Post Installation Recommendations
Now that your installation of Alpine Linux is up and running, you can start working with it. The following sections will provide a list of general recommendations to ease your interactive experience - they are all optional. The remaining sections will describe how to use (on a user level) various Alpine-native solutions, such as the package manager, firewall, and so on.
Now that you are up and running, you will want a normal, non-root user to perform most daily tasks with.
You can either use the built-in busybox utility
adduser, or the utility available in the
shadow package named
Here are examples for creating a user (named "john" and "jane" respectively) using the utilities
adduser -h /home/john -s /bin/ash john (1)
useradd -m -U -s /bin/ash jane (1)
|1||The options are, as in the previous example, optional. However, they are still highly recommended, as shown.|
Once your user has been created, if the utility you used has not asked you to set a password, you should do so now, using
passwd foo, where "foo" is the username in question.
Sometimes, you’ll want to do something that does require administrative powers.
While you may switch to a different tty and log in as root, this is often inconvenient.
You may gain root privileges ad-hoc using either the built-in busybox utility
su, or the common external utility
sudo, available in the package named the same way.
su, will require additional configuration.
visudo utility that comes with it allows you to safely edit the
sudoers file which configures it.
The difference between
su comes down to which side the permissions come from -
su allows you to temporarily log-in as another user (and thus requires that you enter the password of the user you wish to log in as), while
sudo allows you to perform commands (including login shells) as the target user, assuming the configuration gives you that right (meaning that your password is the one used for authentication).
Here are examples on how to use
su, and how to configure and use
sudo (in a shortened form) respectively:
su -l root (1) su - (2)
apk add sudo (1) echo '%wheel ALL=(ALL) ALL' > /etc/sudoers.d/wheel (2) adduser joe wheel (3) sudo -i (4) sudo command with arguments (5)
|1||Sudo is not installed by default.|
|3||The wheel group mentioned above is the common "administrator" group, and since we’re using it, we need to add our user to said group.|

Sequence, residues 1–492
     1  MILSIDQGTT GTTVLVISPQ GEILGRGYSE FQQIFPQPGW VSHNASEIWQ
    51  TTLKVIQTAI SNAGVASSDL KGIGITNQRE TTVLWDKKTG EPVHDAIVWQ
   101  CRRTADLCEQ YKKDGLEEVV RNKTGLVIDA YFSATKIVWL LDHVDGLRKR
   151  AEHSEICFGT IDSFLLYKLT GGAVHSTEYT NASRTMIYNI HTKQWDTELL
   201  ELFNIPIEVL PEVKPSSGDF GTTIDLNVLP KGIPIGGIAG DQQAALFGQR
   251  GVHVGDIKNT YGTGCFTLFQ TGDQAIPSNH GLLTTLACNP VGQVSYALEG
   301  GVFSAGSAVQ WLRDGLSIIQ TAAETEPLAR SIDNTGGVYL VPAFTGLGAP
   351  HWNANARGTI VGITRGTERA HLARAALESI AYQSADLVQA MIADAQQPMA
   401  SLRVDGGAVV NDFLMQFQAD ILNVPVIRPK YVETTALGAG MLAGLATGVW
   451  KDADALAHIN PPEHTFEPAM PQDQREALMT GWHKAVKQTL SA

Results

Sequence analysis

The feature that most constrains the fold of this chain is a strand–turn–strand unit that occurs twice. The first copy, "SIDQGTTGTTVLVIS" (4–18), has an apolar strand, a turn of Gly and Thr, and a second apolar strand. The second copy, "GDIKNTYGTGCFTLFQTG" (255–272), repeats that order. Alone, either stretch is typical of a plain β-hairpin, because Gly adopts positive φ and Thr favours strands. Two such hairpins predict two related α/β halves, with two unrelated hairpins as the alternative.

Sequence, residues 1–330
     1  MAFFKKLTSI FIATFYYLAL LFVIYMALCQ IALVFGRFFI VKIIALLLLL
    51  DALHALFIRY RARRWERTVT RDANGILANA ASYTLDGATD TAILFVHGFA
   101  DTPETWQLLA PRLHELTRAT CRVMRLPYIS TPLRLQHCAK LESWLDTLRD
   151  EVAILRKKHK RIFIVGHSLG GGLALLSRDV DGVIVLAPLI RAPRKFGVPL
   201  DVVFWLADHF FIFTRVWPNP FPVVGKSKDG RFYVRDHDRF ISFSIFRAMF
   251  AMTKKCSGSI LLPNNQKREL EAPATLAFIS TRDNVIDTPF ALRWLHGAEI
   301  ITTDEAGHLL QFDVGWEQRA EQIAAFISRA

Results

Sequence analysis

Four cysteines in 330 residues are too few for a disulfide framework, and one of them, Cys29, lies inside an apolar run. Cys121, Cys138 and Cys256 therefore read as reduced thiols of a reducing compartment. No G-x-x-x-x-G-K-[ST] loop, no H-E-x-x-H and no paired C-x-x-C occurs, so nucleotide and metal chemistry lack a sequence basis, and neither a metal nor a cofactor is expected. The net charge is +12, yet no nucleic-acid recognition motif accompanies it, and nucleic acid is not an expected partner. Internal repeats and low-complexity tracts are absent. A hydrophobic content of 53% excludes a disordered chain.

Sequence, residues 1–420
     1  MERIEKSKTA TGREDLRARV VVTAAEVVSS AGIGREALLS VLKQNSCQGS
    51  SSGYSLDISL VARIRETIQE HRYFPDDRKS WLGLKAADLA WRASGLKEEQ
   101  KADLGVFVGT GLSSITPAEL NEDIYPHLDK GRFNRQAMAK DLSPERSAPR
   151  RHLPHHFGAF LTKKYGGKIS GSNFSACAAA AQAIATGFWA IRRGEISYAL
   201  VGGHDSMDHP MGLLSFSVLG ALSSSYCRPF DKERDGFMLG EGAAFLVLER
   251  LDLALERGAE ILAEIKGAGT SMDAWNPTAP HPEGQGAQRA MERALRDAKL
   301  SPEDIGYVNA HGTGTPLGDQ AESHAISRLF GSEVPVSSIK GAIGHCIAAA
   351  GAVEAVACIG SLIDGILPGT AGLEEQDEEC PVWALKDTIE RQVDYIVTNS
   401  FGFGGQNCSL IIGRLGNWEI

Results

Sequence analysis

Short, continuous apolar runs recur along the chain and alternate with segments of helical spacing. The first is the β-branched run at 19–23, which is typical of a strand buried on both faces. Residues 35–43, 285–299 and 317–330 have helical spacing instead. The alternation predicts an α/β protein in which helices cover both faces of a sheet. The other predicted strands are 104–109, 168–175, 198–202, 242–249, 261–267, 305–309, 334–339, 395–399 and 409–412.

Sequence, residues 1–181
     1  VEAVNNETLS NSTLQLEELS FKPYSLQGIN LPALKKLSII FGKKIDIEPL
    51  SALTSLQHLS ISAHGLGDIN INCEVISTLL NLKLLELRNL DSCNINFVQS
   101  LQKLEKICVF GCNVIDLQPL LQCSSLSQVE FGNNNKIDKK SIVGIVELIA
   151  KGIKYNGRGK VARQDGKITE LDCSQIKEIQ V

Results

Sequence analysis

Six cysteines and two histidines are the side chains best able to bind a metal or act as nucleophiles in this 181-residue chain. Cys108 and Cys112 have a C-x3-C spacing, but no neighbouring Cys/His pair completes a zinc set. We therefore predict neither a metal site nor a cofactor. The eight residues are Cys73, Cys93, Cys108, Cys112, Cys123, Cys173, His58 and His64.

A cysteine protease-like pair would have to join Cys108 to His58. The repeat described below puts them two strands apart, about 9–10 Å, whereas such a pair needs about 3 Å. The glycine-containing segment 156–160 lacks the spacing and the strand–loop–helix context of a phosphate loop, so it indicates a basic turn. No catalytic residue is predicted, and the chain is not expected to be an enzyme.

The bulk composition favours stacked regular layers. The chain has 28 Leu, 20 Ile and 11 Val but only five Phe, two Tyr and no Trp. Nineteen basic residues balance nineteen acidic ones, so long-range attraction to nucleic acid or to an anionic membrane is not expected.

|4||You may need to log out and log back in for the group listing to update.
|5||This will run "command with arguments" as the default
Most people will often want something more than just a raw tty. This section describes how to get a supported graphical interface, as well as some additional notes (for example, how to use a different type of GUI).
|You should not follow this if your system is intended to be used as a server, gateway, or similar device - those do not and should not require graphical interfaces. You can see the section acf if you absolutely require something more visual.|
First, it is necessary to prepare the system - drivers are built into the linux kernel, but they are not accessible to the X Server - the windowing system provider.
On most hardware, you can do this quickly by running
This will automatically detect what kind of gpu is installed, and install the appropriate xorg driver accelerator.
|If this does not work for you, or you encounter other issues, as per usual, feel free to ask for help in the official support channels.|
Once that is done, you can install the recommended and supported graphical setup by installing (and thus running)
apk add alpine-desktop.
This will install several system-related utilities, as well as the
lxdm Desktop Manager and
xfce4 Desktop Environment.
In case you want a different DE or DM, you should install those now.
Once this is done, you should enable your chosen Desktop Manager as a service.
lxdm this looks like so:
rc-update add lxdm and
rc-service lxdm start.
The first one makes it start on boot, and the last one will start it up immediately.